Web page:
Subject to the finalisation of the detail of these measures and each jurisdiction's formal approval process, let me remind the house that ministers agreed to adopt the following measures:
the establishment of a centralised national self-exclusion register to allow a person to exclude themselves from all gambling sites across all phone and web-based digital platforms;
the implementation of a voluntary opt-out precommitment scheme to allow customers to set precommitment betting limits at account sign-up and options to review such limits at regular intervals;
the offering of inducements to be consistent with existing responsible gambling requirements;
to mandate the provision of customer activity statements on demand and on a regular basis;
nationally consistent gambling messaging;
mandatory responsible gambling training for all staff who are involved in the provision of online wagering services;
reducing the current 90-day customer verification time frame to a maximum of 14 days (noting that ministers agreed that a 72-hour customer verification time frame is preferable, the Australian government will explore the feasibility of this within 12 months of implementation); and
the inclusion of a simplified customer-initiated account closure mechanism to be enshrined within the NCPF.
Since 2017, as I have indicated, the six months under the former government, there seems to have been zero movement in respect of online gambling. I was pleased to meet with the chair of the IGA, Mr Alan Moss, upon coming into government and noted his commitment—it was fairly early at that stage—to an inquiry of his authority into online gambling. We are now moving on a national harmonisation and taking an active approach on the review from the former government.
We have a situation where a review was undertaken and reported back to the government in 2016. Since that time, it took a change in government to look at the report and begin progressing the conclusions Mr Anderson made in it. The first actions we have taken are around the IGA and forming a better regulatory framework for gaming in South Australia. This is the first step and will begin assisting with the harm caused by online gaming.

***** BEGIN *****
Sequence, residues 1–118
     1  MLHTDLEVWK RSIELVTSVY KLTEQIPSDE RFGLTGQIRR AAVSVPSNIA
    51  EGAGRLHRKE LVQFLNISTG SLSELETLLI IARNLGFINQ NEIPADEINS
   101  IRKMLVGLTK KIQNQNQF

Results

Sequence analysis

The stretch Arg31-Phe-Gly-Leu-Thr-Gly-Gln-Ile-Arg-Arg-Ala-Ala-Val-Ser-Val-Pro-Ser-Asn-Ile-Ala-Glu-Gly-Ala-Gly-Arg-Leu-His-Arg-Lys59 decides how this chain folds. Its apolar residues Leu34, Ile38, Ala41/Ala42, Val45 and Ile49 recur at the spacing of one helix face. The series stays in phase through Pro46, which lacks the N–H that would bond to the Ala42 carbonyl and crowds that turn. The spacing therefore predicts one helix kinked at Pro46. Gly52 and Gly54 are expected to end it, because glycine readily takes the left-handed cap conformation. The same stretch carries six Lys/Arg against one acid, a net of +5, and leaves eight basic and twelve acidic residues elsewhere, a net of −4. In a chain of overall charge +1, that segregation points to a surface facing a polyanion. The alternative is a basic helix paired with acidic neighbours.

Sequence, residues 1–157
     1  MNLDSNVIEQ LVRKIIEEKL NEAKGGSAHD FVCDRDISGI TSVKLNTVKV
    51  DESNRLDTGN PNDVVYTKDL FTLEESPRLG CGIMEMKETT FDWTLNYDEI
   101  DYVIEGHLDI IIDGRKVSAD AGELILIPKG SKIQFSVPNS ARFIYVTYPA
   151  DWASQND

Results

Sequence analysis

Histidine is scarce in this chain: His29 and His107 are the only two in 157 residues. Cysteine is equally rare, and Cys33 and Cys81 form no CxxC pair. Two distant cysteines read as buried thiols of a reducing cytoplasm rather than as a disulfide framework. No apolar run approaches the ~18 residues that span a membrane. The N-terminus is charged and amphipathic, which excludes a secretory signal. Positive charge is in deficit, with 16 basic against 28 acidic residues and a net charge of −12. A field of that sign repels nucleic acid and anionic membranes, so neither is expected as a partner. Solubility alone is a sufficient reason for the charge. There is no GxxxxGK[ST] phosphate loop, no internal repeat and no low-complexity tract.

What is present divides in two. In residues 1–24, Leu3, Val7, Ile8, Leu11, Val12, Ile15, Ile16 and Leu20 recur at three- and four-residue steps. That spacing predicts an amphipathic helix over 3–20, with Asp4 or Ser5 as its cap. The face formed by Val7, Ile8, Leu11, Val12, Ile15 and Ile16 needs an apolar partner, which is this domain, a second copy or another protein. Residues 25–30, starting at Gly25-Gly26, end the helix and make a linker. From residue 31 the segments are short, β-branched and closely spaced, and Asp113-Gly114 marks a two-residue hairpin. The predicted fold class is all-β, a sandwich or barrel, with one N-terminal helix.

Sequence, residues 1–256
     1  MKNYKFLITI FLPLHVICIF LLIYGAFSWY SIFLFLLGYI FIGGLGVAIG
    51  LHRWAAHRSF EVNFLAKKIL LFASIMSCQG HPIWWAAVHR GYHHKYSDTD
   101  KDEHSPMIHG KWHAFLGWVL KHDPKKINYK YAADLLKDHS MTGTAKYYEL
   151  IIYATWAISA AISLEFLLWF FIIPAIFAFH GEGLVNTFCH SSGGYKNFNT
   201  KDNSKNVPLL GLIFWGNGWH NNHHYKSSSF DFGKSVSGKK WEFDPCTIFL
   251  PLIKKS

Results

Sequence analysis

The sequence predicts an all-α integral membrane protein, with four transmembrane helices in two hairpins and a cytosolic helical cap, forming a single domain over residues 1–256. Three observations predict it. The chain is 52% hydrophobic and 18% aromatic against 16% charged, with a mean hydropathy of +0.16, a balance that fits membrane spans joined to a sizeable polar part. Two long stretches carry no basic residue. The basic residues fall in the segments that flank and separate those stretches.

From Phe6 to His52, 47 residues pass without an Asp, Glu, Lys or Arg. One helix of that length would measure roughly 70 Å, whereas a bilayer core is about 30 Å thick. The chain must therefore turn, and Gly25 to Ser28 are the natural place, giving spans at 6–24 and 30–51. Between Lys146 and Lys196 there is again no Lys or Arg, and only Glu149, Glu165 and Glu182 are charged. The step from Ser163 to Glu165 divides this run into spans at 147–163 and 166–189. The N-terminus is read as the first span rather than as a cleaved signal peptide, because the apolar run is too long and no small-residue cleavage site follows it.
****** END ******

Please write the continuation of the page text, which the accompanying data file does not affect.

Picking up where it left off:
Our next step with the commissioner is to review the entire legislative framework of gambling in South Australia. As we have seen in the amendments before us, there are many acts relating to gaming. In streamlining these, the other conclusions of Mr Anderson's report can also be considered and implemented if appropriate. I particularly note the role that SAPOL has played here and the submissions they made to Mr Anderson's review.
The police have submitted that they require additional powers to investigate money laundering frauds, particularly within the sports betting and online gambling space. We intend to take a cross-agency approach to develop strategies and responses to assist with problem gambling, particularly in the online space, where people simply do not have the same protection and support they may have in hotels, clubs and at the Casino.
The general thrust of the national reform is in recognition of online opportunities and obligations we now have in national law in respect of the registration requirements in relation to gaming options that are available. This is why we have a situation where some of these are accessible: because they have been allowed to have an address, say, in the Northern Territory, and people access them once they are registered.
There are offences in relation to breaches of the regulatory regime that are set up in respect of overseas trading in Australia without compliance. This is really an early start to a much bigger issue. Certainly from my perspective, I have nothing against gambling directly, but I will say that this: it is absolutely important that we protect the vulnerable and that ever-growing cohort of youth—and I include people under 40 in that cohort.